“If this is a political act and a deliberate Uighur attack, then it’s profoundly significant because that’s a direct challenge, and it’s also a huge loss of face for Xi Jinping,” Mr. Bequelin said in a telephone interview. “It completely defeats the purpose — he spent four days beating the drum of counterterrorism, saying the center will be tough, and using very martial, warlike language. And then in the middle of the capital, you have this bomb exploding.”
[...] Chen Jieren, a Beijing-based political analyst who tracks developments in Xinjiang, said there was no question that the blast had been meant as a message to Mr. Xi. [Source]
A report from the South China Morning Post quotes representatives of exiled Uyghur group the World Uyghur Congress, who say many Uyghurs were arrested amid tight security in the blast’s aftermath:
More than 100 Uygurs were arrested after the attack, said a Uygur separatist group based in Germany. The Post has not been able to independently verify the alleged arrests.“The explosion in Urumqi proves that suppression is not a solution to the problem,” Dilxadi Rexiti, a spokesman for the World Uygur Congress, said in a written statement.
“The Uygurs, who are struggling between despair and survival, hope Xi Jinping would give constructive suggestions to improve the chaotic situations with his visit to East Turkestan, but this has not happened,” Rexiti said, using the name preferred by Uygur separatists for the region of Xinjiang. [Source]
As the blast scene was being cleaned up in Urumqi and Xi was urging direct action against terrorism, the U.S. State Department was submitting its annual Country Report on Terrorism to Congress. The report criticized China for “marginal” cooperation, a lack of solid evidence in incidents that Beijing labeled acts of terrorism, and opacity in the aftermath of violence:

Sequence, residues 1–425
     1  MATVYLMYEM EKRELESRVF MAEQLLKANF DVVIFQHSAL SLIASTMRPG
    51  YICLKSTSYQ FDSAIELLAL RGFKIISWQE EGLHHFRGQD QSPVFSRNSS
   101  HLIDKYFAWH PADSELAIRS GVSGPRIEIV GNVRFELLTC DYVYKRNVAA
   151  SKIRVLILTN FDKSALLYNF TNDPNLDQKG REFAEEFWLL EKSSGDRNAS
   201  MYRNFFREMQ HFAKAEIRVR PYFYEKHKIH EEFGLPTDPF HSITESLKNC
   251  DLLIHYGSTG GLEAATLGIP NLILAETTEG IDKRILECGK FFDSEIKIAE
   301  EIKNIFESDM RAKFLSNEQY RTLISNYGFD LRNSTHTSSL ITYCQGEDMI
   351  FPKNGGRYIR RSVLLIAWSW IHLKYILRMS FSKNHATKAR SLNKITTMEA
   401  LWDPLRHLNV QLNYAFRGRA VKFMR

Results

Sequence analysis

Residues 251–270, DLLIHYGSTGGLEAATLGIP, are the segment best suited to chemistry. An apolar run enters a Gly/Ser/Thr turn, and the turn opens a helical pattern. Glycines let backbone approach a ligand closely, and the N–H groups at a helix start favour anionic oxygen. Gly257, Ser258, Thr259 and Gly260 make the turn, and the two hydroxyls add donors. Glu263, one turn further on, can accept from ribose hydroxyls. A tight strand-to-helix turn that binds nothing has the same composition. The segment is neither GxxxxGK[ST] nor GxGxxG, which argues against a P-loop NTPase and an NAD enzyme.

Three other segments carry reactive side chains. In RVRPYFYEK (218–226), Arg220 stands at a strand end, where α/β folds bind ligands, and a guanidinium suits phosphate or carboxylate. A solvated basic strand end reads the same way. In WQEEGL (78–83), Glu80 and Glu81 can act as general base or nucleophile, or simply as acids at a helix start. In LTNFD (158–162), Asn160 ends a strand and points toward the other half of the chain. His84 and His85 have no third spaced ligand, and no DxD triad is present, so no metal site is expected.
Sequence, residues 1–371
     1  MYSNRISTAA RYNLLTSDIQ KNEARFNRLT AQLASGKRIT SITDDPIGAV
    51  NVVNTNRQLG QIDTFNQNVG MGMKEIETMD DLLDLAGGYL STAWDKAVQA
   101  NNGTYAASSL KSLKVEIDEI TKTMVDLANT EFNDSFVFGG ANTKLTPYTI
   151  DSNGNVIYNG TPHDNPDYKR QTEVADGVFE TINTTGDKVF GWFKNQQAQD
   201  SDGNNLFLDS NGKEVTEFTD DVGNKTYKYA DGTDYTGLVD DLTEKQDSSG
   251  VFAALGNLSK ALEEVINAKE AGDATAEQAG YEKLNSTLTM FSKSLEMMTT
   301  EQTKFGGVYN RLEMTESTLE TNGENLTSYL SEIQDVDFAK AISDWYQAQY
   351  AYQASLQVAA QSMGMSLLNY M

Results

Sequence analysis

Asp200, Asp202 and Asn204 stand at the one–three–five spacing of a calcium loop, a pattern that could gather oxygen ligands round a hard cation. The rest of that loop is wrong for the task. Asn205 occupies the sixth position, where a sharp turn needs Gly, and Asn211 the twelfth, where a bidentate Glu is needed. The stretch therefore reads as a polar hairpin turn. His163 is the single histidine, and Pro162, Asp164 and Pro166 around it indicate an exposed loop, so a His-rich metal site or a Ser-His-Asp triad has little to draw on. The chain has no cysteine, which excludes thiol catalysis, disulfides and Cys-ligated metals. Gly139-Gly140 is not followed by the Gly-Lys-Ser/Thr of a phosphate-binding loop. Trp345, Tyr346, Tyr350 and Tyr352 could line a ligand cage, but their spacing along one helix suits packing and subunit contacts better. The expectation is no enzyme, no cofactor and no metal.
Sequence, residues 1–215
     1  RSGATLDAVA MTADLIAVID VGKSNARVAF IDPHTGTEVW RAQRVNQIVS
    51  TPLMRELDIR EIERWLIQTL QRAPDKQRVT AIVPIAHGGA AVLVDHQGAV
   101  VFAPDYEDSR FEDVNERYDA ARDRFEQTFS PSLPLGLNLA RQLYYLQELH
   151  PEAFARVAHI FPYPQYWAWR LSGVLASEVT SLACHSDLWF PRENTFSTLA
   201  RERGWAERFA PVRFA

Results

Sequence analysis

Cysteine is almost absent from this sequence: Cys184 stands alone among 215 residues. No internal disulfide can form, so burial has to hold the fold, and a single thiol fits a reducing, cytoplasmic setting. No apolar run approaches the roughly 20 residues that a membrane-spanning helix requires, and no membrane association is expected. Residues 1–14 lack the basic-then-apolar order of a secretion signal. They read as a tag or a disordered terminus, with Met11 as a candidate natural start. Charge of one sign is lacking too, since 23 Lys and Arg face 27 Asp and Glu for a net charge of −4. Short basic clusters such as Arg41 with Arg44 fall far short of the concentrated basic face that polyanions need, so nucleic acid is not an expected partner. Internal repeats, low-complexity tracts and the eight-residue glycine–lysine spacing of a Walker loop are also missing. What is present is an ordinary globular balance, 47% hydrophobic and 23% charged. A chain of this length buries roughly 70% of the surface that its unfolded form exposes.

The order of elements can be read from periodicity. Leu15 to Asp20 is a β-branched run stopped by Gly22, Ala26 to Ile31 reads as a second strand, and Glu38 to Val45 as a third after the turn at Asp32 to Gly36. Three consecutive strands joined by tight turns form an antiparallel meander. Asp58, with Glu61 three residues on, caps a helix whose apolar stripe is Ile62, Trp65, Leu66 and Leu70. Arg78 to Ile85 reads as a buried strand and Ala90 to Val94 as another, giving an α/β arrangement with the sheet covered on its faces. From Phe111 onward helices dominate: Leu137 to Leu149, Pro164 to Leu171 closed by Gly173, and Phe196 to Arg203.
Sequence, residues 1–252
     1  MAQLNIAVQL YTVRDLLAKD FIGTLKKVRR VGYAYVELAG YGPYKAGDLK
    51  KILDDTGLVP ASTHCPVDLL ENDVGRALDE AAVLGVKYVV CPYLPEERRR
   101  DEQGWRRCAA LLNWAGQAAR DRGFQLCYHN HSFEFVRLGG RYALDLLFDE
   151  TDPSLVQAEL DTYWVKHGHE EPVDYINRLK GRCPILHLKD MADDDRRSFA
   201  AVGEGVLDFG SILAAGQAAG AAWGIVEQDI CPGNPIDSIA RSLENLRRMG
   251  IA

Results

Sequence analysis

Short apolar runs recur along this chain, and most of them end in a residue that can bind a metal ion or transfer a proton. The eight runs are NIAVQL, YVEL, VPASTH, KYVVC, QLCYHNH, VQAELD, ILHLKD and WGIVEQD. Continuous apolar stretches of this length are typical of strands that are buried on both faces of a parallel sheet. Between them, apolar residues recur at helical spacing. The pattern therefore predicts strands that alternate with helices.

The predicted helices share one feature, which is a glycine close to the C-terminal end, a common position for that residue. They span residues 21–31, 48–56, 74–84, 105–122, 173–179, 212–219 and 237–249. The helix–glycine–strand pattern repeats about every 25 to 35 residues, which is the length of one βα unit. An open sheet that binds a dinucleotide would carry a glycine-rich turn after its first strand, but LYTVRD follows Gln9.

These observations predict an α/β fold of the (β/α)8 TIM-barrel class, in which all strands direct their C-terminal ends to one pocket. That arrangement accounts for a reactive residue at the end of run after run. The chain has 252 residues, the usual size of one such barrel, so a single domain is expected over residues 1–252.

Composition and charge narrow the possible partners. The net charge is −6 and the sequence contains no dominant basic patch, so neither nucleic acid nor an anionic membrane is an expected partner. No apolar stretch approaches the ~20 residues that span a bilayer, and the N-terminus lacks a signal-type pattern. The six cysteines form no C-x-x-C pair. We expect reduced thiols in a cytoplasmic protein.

China’s cooperation with the United States on counterterrorism issues remained marginal, with little reciprocity in information exchanges. China expanded cooperation with countries in the region, however, and conducted joint counterterrorism training exercises with Belarus, India, Indonesia, Kazakhstan, Kyrgyzstan, and Russia. China’s domestic counterterrorism efforts were primarily focused on the East Turkestan Islamic Movement (ETIM), which China alleges maintains a presence in the Xinjiang Uighur Autonomous Region (XUAR) of northwest China. China has criticized the U.S. response to acts China characterizes as terrorism, alleging that U.S. expressions of concern over the treatment of China’s ethnic minorities and deficiencies in rule of law represent a “double standard” on terrorism. China frequently refers to Uighur activists abroad – including those in the United States – as complicit in supporting “terrorist” activity, but it has not provided credible evidence to support those claims.
2013 Terrorist Incidents: Chinese authorities labeled several incidents of violence involving members of the Uighur minority as acts of terrorism. In general, Chinese authorities did not provide detailed evidence of terrorist involvement, and restricted the ability of journalists and international observers to independently verify official media accounts. [...] [Source]
China’s Foreign Ministry protested against the State Department’s description. Xinhua reports:
In response to relevant content alleging China’s cooperation in 2013 with the United States on counter-terrorism issues “remained marginal,” Chinese Foreign Ministry spokesman Qin Gang said China always attaches great importance to international cooperation in the fight against terrorism.
“China falls victim of terrorism, and always firmly opposes terrorism in any form and terrorist acts conducted or backed by any person under any name,” said Qin.
China always fights against terrorism in accordance with law while paying attention to eliminating both the symptoms and root causes of terrorism, he said, adding that China is opposed to linking terrorism to specific ethnic groups or religions. [Source]
After the explosion yesterday, China’s censors demanded that only official wire copy be used in covering the incident. Many related terms became forbidden on Internet search engines, and early news reports and pictures were deleted from Weibo.